Shaping of Groupthink and Other Maladies . . .
While groupthink has yet to be classified as a mental illness in the huge Diagnostic Manual it is something to guard against. I note that the matter of defending oneself from it was a Quora Question, which elicited a number of good suggestions (How do you defend yourself mentally against groupthink?)
Two recent events bring up the topic — Wilfred Laurier University free speech controversy & Chilliwack school trustee calling for a public review of new sex education guidelines. The first, while in full public hullabaloo nationally and now subject of an inquiry, the second is still bubbling along as a local issue just because it happens to be in the “Bible Belt, you know”!
The first protagonist, Lindsay Shepherd, was subjected to a “struggle session” intending to shape her university lessons to politically correct expectations. She was far-sighted enough to have her session taped for all to hear the pressure tactics. The second protagonist, Barry Neufeld, was not so favored. He belongs to a corporation called a school board, which makes decisions by consensus. Who knows what “struggle session (s)” he endured in discussion of a radical new sex education proposal before he broke rank and privately went to the public via a Facebook post? Even the Minister of Education is pointing fingers. But, I’ve read the hundreds of comments (pro and con) to the news stories. This protagonist has indeed stirred up a hornet’s nest and he and his many followers deserve to be heard, not silenced or have him forbidden from seeking re-election.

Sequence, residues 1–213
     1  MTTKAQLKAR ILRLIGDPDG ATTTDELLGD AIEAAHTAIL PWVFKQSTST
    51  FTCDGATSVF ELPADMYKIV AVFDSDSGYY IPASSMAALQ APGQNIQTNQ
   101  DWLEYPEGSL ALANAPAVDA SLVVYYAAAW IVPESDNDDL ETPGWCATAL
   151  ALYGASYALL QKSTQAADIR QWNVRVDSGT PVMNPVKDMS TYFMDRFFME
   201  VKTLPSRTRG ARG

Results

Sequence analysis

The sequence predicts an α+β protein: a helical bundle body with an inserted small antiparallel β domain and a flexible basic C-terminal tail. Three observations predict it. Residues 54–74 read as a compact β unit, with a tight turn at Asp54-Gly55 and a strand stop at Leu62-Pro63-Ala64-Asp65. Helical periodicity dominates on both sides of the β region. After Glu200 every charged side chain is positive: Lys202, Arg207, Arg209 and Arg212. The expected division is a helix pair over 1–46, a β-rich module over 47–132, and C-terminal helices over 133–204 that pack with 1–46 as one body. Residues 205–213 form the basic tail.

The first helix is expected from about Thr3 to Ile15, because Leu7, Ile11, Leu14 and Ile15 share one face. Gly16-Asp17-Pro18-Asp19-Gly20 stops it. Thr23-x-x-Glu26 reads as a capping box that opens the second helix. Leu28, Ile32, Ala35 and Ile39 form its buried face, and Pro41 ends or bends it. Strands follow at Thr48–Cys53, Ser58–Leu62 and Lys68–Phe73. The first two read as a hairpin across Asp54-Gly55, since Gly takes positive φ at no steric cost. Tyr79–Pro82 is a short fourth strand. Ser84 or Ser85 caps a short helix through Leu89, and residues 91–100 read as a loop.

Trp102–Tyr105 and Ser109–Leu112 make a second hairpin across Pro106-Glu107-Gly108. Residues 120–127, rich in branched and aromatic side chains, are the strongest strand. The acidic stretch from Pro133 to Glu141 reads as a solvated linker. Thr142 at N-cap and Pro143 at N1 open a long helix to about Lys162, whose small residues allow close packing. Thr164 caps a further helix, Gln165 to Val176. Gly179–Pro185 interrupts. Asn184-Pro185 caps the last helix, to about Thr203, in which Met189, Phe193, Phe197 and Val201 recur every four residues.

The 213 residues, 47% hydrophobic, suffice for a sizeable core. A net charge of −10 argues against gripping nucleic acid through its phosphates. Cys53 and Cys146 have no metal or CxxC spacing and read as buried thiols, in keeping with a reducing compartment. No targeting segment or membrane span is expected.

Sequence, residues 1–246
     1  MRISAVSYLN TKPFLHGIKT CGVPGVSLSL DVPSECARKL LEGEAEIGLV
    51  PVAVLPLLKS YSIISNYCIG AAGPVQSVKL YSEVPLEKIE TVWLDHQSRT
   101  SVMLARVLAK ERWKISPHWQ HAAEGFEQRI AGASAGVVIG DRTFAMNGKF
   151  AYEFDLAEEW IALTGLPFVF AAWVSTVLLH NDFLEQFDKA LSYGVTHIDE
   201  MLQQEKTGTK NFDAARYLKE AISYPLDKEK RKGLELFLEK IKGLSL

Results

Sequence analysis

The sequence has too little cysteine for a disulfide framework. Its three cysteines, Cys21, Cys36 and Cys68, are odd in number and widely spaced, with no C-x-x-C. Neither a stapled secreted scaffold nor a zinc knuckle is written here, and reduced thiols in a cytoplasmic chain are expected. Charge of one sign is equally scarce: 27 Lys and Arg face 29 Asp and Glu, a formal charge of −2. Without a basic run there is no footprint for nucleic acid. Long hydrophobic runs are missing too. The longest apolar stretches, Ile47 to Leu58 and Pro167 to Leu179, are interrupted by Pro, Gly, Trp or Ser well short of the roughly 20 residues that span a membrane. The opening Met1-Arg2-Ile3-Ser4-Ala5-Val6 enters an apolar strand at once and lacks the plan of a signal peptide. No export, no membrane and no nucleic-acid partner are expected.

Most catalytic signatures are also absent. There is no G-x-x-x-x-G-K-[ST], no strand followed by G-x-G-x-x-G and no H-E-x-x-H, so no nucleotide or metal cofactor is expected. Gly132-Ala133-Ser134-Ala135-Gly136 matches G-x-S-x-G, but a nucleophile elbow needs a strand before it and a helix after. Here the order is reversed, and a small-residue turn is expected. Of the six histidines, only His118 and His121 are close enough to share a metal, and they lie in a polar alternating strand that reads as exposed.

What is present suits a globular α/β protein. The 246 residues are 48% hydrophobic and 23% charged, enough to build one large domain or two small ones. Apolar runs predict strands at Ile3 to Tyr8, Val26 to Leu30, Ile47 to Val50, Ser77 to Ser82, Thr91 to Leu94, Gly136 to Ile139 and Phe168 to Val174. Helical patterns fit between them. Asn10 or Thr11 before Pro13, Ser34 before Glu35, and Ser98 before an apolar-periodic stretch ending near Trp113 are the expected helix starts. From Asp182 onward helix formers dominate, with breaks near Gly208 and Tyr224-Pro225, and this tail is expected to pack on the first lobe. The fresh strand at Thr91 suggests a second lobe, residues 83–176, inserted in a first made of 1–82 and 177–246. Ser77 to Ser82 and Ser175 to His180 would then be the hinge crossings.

These “struggle sessions” are an import from the Cultural Revolution in China and are meant to humiliate one into compliance with the group. There are all kinds of ways in which people are subjected to pressures to follow a party line or prevailing dogma. As one who watches school systems closely I despair over the current push for so much group work and collaboration. Is this meant to shape early toward groupthink? Let’s look into both groupthink and “struggle sessions”. https://en.wikipedia.org/wiki/Struggle_session
[to Facebook 25 Nov 2017]